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When I try to divide 1/60 or 1/(60*60) it gives 0. Even in debugger window. I am a bit confused what it could be, because 2/3 or 2.5/6 give results.

My code:

int main()
{   
    double k1 = 1/60;
    cout << k1
        << endl;
    double k2 = 1/(60*60);
    cout << k2
        << endl;

    return 0;
}

I appreciate your help.

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18  
Say hello to integer truncation. –  chris Oct 31 '12 at 17:58
    
@chris: so quick! –  Yamaneko Oct 31 '12 at 17:59
2  
@VictorHugo, The title kind of gave it away. Of course that does mean that it is an extremely good title. –  chris Oct 31 '12 at 18:00
2  
"because 2/3 or 2.5/6 give results" - Show me how 2/3 gives a result other than 0. –  Robᵩ Oct 31 '12 at 18:20
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3 Answers

up vote 8 down vote accepted

Since both your operands are integers, the compiler performs an integer division (that doesn't calculate the decimal part). If at least one of the operands is a floating point type (as in your other examples) the other one gets promoted and a floating point division is performed.

The fix

Make at least one of the operands of a floating point type (double or float); you can do this e.g.:

  • making it a double literal2 (60 is integer, 60.0 or even 60. is double, 60.f is float)
  • using a cast (double(60), (double)60).

Personally I prefer using directly double literals - not that the cast has any performance penalty on halfway decent compilers, but it feels "wrong" and verbose in respect to just using a literal of the correct type. (Obviously when both the operands are variables and not literals you have to use the cast)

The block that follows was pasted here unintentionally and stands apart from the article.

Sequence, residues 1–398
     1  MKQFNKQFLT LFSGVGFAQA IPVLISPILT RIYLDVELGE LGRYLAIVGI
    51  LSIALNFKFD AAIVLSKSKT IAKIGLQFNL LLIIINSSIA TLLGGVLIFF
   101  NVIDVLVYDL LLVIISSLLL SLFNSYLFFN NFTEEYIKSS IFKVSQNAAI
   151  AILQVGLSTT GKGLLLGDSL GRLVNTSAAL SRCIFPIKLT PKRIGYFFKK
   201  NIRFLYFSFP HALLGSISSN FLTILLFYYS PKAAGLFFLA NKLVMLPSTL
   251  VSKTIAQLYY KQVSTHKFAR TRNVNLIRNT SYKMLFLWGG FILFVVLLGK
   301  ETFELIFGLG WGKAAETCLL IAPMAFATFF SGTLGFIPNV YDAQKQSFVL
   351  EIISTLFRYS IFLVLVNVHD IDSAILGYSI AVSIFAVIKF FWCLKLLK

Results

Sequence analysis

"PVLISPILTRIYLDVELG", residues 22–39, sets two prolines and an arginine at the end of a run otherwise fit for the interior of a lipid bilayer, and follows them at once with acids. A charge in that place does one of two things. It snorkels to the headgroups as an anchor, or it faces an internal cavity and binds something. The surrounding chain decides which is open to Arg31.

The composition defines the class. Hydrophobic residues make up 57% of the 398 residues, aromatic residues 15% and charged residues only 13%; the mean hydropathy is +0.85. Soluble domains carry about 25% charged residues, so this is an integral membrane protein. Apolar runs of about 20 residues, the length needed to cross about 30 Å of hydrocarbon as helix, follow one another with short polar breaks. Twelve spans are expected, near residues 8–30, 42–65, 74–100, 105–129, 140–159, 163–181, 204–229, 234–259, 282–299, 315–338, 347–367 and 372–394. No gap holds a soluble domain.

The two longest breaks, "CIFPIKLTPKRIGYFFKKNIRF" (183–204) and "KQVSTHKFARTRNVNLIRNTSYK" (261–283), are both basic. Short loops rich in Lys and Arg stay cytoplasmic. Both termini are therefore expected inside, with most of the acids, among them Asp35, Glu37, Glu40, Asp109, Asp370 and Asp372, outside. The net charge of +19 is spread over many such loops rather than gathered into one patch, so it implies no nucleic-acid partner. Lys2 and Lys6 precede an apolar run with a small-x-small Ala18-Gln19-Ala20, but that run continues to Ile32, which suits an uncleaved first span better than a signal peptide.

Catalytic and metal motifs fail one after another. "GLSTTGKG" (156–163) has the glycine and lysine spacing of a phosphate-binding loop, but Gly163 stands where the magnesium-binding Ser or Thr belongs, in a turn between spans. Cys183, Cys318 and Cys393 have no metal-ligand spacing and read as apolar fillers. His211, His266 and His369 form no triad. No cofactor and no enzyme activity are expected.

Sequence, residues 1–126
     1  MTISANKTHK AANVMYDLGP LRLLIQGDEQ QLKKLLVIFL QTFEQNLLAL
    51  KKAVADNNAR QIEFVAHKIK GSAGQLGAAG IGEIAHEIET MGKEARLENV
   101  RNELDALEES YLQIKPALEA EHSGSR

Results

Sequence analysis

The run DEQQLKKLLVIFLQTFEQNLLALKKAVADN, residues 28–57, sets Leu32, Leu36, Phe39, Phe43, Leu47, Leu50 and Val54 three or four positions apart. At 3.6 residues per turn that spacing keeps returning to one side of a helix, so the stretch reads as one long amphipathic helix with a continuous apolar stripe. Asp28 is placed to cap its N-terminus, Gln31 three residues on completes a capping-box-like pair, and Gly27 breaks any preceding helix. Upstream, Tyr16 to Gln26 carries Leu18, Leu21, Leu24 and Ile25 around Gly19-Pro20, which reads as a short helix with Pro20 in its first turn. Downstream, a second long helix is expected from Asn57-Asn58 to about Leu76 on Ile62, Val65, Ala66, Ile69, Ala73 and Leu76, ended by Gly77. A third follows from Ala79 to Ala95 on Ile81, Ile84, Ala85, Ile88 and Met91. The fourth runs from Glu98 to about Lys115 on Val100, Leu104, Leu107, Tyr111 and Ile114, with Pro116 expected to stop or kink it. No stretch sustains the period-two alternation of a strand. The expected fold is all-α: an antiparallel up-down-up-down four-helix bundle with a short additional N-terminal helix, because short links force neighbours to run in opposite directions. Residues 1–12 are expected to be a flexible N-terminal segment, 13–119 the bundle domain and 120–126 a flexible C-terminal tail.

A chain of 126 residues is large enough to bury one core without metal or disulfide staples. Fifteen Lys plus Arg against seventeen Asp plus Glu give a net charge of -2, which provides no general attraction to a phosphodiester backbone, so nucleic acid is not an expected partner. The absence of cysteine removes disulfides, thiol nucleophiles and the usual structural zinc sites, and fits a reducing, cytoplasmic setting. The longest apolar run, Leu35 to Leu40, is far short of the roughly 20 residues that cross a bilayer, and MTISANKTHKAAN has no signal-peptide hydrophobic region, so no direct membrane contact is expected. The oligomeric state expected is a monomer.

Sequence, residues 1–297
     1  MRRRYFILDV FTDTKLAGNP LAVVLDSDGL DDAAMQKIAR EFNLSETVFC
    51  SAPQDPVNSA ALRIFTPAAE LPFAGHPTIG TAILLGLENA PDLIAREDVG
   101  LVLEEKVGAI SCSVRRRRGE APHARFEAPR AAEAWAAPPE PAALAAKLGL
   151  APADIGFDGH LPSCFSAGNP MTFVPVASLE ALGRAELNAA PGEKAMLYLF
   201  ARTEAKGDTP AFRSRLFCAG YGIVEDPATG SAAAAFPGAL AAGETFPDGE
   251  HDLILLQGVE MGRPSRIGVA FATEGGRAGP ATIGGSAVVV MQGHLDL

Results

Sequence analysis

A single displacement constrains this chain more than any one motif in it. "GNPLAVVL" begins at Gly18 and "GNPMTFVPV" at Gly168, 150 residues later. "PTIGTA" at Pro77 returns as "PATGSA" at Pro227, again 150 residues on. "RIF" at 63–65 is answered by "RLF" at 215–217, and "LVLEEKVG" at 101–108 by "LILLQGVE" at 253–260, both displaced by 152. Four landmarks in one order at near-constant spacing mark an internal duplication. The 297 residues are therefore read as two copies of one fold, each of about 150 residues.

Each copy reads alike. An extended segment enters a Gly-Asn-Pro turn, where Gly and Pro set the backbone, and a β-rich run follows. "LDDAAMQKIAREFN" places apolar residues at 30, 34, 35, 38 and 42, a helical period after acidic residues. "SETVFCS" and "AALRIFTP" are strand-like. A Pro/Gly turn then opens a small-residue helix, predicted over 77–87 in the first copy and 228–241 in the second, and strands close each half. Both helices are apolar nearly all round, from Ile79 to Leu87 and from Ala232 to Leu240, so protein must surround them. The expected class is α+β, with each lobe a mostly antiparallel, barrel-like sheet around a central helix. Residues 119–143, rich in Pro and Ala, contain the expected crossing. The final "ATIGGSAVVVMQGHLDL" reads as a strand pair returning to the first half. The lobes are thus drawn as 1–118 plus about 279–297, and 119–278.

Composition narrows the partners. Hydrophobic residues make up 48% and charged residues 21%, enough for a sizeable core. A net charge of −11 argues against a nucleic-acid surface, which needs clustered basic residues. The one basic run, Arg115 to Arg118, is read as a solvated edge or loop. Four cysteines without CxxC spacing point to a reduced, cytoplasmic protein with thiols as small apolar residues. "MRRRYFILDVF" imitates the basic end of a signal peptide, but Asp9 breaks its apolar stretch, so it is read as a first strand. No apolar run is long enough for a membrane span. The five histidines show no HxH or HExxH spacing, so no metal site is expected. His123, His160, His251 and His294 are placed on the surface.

Common objections

  • "but I'm assigning it to a double!"

    Many newbies are confused by this fact, since they think that assigning1 the result to a double should be some kind of hint to the compiler. In fact, it's not.

    The calculations/promotions done into the expression are completely independent from the type of the destination, which is just the last step. The subexpressions are evaluated for what they are, without regard to how the result will be used, so all the type promotions/operations depend only from the type of the operands.

  • why would one want integer division?

    Several languages automatically perform floating point division even when the arguments are both integers (e.g. VB6, IIRC), since it feels more intuitive for novices. That's not like that in C/C++: the division is integral when the arguments are integer, since in many cases you just don't care about the decimals, and/or it's preferable for performance reasons not to use the FPU (the background philosophy in C and C++ is "you don't pay for what you don't use").

    Obviously the problem could have been addressed using a separate operator for integral division (VB, again, uses \), but IMHO we have enough operators in C++ as it is. :)


  1. Nitpickers' corner: yes, here actually it's an initialization, not an assignment, but we are talking about the same kind of misconception.
  2. A "literal" is a value included in the source code.
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The line double k1 = 1/60 will be evaluated by the compiler as a compile-time constant. Since there is no '.0' on the end of the number, 1/60 will be evaluated via integer division, and hence be 0.

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The denominator has to be a decimal number too.

double k1 = 1/60.0; //Should work

Otherwise your program will essentially truncate all the decimals.

LITTLE EXTRA: When your denominator is a variable, you have to cast it:

double k2 = 1/(double)myDenom;
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At least one of the numerator or denominator must be a floating-point type. It doesn't have to be the denominator: 1.0/60 works fine, also. –  Robᵩ Oct 31 '12 at 18:22
    
Oh I could swear it had to be the denominator. That's what I remember from college years ago anyway. –  Andy Ibanez Oct 31 '12 at 18:23
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